4 out of 4 stars
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The Flowers Celandine is a collection of poetry written by Brad Ramsey. It is written in the form of a pastiche which follows the style of poets in the English Canon, while also giving a postmodern and contemporary view from the author. The book is written in the first person with an overall narration of a relationship with a prostitute. Ramsey’s work consists of nine poems based on the poetry written by various poets of the Romantic period. With similar rhyme, meter, and rich imagery, The Flowers Celandine will be enjoyed by 18th Century poetry lovers everywhere.
Overall, I really enjoyed this book. It was short enough that I could spend time rereading each poem, while not being too short and giving me too little to read. I will admit that a lot of it went over my head, but after a few times of reading it again, I started to truly appreciate the poems. The rhyme schemes were very well done, with rhyming being so subtle that it was only noticeable after further inspection. The imagery and metaphors followed the traditional style of comparing loved women to flowers and nature, which paid homage to the romantic poets. I also found the references to the prostitute to be cleverly expressed without harsh explanations of sexual interaction.
When I got to the end of the book, I was surprised to find a list of poems along with the poets that wrote them. There were nine in total within the list, and I realized that each of these poems corresponded with the poems that Ramsey wrote himself. Following in the order of the list, Ramsey’s poems were a pastiche as they appeared in the book. As someone who is not overly knowledgeable about 18th Century poetry, I was given the ability to find these poems online and compare them to Ramsey’s work. This led me to appreciate Ramsey’s poetry even more, as well as admire the work of the English Canon poets featured in The Flowers Celandine. Personally, I would have liked for this list to have been at the beginning of the book so that I could have read the original poems before the pastiche. However, I still enjoyed them nonetheless.
If you want to expand your vocabulary, then this book will definitely help you with that. I found myself often referring to a dictionary for words I came across that I did not know. There are also many references to different flowers that I was unfamiliar with, especially when the scientific name of the flower was used. For example, I learned that an Eigeron is a daisy, which is used within the book.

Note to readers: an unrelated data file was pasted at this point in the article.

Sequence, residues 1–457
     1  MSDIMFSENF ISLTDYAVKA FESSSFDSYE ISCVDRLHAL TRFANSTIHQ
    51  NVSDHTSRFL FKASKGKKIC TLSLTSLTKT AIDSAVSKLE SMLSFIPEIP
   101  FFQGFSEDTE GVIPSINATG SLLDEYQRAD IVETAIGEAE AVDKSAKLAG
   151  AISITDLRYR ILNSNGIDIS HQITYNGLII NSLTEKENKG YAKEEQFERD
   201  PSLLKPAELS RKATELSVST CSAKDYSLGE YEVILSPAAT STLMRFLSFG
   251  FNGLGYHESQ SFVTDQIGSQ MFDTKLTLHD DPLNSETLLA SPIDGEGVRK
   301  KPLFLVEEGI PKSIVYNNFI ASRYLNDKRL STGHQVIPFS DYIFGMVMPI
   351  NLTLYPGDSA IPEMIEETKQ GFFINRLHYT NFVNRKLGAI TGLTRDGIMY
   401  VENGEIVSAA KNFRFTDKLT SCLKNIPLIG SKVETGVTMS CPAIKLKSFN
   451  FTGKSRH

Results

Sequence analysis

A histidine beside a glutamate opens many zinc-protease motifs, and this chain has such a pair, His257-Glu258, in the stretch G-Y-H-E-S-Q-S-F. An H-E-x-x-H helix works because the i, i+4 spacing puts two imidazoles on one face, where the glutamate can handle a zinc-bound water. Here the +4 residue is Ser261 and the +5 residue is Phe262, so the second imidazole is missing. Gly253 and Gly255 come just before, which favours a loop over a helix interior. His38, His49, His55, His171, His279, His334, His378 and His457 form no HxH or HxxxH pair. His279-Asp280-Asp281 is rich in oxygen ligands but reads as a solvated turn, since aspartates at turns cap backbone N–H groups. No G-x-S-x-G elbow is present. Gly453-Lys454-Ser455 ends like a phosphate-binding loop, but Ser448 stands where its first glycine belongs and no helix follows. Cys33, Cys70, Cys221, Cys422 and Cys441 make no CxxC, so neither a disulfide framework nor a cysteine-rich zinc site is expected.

The editing of this book seemed very professional and almost flawless. There were no remarkable errors or typos that I could identify. However, the only thing about this book that I disliked was the formatting. Even though the editing itself was fantastic, the spacing of the poems on the pages could have used some work. On some pages, the poem is formatted perfectly, but on others, there is only a single stanza on a page with blank space left underneath it and the poem continuing on the following page. Despite this very minor error, I am rating this book a 4 out of 4 stars. It was an exceptionally written book.
I would only recommend this book to people who love reading poetry. If you are not a lover of English, then you will probably find this book to be quite boring, and you may not understand or appreciate a lot of its aspects. However, if you adore the writing of romantic poets such as Wordsworth or T.S. Eliot, then you will love Ramsey’s re-creation with a modern twist. There is also an aspect of religion and Christianity, especially towards the end, which non-Christian people may not relate to. Overall, this book is meant for a select group of people who will agree that Ramsey’s work is outstanding.
The Flowers Celandine
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